Non-Medicinal Techniques for Managing Migraines and Headaches
Some estimates put the number of people stricken by migraines at 37 million in the U.S. alone, with women - typically between 35 and 55 years of age - more than twice as likely as men to get migraines.
"Headaches are one of most common complaints in medicine," says Dr. Shilagh Mirgain, a UW Health psychologist who has organized a Headache Management and Coping Group to help people anticipate the stimuli that trigger migraines and take non-medicinal measures to manage them. "Our group is unique in that we teach behavioral strategies patients can use themselves, beyond medications."
One of those behavioral strategies is something we all do, all the time – breathing.
Migraine symptoms often affect stress responses in the body, creating an imbalance in the autonomic nervous system. In response, shallow breathing, muscle tension, decreased blood flow to the extremities and incoherent heart rate can occur, making headaches and mood worse.
One of the aims of the headache coping group is to teach relaxation mind-body strategies to calm the stress response, which, in turn can lessen the effects of headaches. Through techniques such progressive muscle relaxation and autogenic training, participants learn to reduce tension in their bodies, which can also help to ease headache pain.
"We teach proper diaphragmatic breathing, to increase the relaxation response in the body," adds Dr. Mirgain. "The optimal breathing rate is to breath in for four seconds and breathe out for six seconds."
Group participants can use a special handheld biofeedback device that clips to their earlobes to monitor their breathing and heart rhythms, known as heart rate variability training. Another biofeedback device used in the group measures participants' hand temperature tracking improved blood flow to the arms and hands.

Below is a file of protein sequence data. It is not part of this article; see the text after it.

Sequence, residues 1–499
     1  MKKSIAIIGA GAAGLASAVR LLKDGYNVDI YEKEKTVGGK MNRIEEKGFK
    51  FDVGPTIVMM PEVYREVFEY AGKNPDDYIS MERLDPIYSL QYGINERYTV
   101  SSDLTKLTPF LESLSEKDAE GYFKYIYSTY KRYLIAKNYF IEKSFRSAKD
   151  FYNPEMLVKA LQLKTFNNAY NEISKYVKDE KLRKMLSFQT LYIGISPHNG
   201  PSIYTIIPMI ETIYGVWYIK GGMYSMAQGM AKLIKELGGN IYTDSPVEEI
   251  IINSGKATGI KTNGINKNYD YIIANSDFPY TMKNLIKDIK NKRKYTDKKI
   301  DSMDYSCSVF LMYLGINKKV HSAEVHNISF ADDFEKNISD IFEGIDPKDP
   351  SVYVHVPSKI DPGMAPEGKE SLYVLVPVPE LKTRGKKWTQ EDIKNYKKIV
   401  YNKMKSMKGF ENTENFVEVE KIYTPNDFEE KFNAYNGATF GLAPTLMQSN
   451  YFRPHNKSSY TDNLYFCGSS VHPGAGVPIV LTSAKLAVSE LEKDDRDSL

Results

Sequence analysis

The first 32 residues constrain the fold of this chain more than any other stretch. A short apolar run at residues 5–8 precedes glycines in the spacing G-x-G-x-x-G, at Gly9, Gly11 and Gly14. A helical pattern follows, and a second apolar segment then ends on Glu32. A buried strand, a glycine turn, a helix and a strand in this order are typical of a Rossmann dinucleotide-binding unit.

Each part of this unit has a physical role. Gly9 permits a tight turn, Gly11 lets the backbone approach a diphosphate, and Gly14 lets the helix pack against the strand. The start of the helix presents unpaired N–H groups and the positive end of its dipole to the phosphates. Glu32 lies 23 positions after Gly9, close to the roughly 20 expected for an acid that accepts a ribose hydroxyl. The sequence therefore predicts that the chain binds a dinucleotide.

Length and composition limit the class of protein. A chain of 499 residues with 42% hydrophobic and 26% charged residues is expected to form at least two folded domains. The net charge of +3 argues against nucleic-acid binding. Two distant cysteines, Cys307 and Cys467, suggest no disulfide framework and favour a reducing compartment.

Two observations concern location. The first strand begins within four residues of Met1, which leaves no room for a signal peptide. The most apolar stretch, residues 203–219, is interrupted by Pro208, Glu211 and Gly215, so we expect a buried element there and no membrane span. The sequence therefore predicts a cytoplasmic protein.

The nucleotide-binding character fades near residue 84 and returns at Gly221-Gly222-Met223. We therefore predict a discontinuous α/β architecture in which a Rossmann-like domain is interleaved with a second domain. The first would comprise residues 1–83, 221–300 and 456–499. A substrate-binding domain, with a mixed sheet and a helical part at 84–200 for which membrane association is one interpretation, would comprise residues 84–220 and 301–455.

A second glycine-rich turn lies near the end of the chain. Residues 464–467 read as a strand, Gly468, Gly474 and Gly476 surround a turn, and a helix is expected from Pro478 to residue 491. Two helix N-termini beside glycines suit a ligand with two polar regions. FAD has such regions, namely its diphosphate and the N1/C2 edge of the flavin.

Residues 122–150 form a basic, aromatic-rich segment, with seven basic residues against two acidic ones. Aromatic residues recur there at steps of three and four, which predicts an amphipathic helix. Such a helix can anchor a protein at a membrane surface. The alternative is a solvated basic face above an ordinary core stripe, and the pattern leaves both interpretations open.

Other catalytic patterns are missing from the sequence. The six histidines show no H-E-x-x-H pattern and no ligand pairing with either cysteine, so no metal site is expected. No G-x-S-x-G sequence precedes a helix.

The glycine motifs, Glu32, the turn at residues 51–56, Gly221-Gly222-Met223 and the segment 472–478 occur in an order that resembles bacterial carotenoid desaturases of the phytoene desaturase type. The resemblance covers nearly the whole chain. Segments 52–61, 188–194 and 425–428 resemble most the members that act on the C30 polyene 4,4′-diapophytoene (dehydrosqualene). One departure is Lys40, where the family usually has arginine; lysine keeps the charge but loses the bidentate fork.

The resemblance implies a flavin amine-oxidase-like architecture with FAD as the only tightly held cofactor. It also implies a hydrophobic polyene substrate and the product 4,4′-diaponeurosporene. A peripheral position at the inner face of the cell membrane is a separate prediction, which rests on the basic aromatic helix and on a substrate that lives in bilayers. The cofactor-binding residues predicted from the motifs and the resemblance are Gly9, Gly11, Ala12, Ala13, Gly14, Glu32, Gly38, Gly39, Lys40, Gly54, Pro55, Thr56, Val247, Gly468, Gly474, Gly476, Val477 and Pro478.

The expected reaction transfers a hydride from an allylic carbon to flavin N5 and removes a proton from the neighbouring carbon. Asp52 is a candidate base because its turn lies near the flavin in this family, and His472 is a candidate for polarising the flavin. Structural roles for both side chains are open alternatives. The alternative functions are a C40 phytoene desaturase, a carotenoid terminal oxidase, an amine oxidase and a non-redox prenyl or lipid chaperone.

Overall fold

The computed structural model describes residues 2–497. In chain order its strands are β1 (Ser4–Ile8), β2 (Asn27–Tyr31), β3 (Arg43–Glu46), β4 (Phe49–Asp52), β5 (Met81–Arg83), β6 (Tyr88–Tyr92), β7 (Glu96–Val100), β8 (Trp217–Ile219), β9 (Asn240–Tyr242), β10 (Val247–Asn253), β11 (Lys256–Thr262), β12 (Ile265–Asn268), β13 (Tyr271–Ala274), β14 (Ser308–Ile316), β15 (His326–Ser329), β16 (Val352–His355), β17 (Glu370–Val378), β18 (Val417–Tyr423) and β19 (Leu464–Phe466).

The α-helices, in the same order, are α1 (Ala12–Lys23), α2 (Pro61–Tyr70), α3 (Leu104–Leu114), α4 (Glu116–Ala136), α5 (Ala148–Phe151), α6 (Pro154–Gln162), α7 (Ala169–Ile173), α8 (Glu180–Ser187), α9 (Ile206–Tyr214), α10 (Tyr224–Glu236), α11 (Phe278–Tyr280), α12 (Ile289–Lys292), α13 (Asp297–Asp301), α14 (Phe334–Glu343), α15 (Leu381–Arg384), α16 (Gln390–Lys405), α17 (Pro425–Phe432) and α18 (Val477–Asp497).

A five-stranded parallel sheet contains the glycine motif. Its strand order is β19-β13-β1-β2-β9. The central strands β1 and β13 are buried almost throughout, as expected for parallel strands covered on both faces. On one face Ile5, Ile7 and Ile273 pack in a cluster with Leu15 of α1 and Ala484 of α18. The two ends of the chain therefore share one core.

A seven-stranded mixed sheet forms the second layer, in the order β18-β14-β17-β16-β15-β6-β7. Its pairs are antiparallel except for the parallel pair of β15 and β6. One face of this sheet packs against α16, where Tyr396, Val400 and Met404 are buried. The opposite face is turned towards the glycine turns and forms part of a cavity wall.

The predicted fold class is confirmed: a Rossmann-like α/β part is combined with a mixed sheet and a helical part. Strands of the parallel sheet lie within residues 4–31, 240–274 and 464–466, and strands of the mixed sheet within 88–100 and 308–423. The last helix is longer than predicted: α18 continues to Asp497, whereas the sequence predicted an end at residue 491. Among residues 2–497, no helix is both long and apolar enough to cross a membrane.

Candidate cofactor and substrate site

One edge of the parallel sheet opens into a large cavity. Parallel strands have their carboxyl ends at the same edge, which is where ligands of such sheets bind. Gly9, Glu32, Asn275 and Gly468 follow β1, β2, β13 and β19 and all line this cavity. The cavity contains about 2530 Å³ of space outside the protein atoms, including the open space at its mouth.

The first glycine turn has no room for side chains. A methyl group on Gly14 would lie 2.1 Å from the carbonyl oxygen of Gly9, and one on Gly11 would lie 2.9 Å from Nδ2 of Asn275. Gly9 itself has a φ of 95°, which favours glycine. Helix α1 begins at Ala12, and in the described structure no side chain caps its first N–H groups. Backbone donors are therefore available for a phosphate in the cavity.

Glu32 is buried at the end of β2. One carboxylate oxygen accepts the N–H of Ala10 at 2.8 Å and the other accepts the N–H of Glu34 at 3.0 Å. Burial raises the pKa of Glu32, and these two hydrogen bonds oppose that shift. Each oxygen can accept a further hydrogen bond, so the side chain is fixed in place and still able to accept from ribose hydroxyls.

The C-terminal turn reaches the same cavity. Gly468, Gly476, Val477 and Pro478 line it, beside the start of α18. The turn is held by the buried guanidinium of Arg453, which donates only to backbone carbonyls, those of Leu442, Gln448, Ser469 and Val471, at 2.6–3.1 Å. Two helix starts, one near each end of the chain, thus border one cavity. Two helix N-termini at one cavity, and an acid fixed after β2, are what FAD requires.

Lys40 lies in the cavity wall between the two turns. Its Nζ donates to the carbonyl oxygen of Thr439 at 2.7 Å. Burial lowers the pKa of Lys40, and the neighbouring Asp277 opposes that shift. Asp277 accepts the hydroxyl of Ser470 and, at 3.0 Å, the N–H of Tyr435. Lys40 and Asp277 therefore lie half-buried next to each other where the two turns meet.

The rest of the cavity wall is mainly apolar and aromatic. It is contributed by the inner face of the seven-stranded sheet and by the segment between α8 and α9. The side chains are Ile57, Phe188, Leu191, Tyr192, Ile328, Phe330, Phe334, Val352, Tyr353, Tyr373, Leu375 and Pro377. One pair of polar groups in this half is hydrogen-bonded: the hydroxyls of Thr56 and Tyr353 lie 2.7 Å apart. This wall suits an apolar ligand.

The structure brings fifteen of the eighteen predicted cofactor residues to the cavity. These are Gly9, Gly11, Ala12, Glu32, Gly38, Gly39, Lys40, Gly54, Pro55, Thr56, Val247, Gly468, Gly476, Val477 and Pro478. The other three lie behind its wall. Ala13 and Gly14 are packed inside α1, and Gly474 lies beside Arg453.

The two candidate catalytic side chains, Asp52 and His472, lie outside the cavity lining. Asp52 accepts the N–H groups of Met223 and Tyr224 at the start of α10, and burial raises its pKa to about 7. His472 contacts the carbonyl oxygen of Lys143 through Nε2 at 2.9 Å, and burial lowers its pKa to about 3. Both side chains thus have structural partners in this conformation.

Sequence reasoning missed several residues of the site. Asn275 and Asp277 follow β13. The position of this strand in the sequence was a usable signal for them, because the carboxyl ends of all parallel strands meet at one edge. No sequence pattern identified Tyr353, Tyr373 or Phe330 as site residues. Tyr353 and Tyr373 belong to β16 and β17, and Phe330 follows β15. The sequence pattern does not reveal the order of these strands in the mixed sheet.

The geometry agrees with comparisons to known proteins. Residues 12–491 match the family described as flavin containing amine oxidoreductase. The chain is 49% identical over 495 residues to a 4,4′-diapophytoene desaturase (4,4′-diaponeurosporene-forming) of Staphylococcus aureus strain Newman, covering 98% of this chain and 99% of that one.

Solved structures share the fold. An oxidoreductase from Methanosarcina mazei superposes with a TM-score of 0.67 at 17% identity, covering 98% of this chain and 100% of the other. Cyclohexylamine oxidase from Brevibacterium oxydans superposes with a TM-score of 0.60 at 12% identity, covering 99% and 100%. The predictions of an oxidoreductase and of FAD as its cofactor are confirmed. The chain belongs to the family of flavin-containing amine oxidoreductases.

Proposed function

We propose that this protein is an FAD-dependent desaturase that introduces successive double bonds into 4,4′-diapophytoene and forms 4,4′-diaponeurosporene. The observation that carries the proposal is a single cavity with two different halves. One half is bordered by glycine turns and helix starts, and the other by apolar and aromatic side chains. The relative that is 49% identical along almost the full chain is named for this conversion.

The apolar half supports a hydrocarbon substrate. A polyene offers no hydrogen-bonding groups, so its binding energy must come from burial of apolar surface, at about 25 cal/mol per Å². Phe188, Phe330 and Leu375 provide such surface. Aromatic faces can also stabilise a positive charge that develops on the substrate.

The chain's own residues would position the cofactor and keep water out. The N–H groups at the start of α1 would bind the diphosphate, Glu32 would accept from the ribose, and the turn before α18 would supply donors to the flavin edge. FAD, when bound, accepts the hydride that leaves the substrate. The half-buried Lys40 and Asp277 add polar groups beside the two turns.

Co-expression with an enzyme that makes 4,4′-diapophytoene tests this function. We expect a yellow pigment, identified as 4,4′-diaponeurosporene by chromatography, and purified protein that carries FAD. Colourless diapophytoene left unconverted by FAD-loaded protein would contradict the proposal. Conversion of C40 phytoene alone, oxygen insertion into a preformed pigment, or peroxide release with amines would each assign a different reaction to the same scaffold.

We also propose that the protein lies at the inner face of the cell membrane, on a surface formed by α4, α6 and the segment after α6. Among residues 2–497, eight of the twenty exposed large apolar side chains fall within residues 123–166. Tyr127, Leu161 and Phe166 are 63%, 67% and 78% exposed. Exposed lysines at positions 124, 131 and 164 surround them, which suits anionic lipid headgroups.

"We actually print out graphs of their training sessions, so group members can monitor their progress," says Dr. Mirgain. "It's a nice measure of balance in the autonomic nervous system."
When someone experiences the warning signs of a migraine – such as auras which include blind spots and blurred vision – it can cause them to focus on the fact a migraine is starting, which may even make the migraine worse. It's called catastrophic thinking, a thinking pattern common to migraine sufferers. The breathing exercises help interrupt the pattern.
"At the early signs of headaches, the tendency is to fall into automatic negative thinking," says Dr. Mirgain. "Migraines create a sense of powerlessness and make people feel they've lost control. It's helpful to challenge those thoughts, so people realize there is something they can do in response to the early signs of headaches."
A key element in asserting control over migraines also comes in the form of support. Joining together in a group helps break the isolation migraine sufferers experience. It’s common to withdraw from social situations but being with others who have similar experiences helps people feel connected. Participants also learn specific strategies for communicating assertively with family members and friends about their headache condition and its effects on their day-to-day lives.
Group members often comment about how chronic headaches can affect relationships. Often sufferers shy away from making plans, because they never know when a migraine will strike or how long they're going to last.
"People who have persistent headaches really start to get isolated," says Dr. Mirgain. "It can lead to a pattern of hopelessness. The group format enhances motivation. If you see a fellow patient doing well and experiencing positive changes in their lives due to the lessons learned in group sessions, you become more motivated to practice these coping strategies."
Date Published: 11/26/2014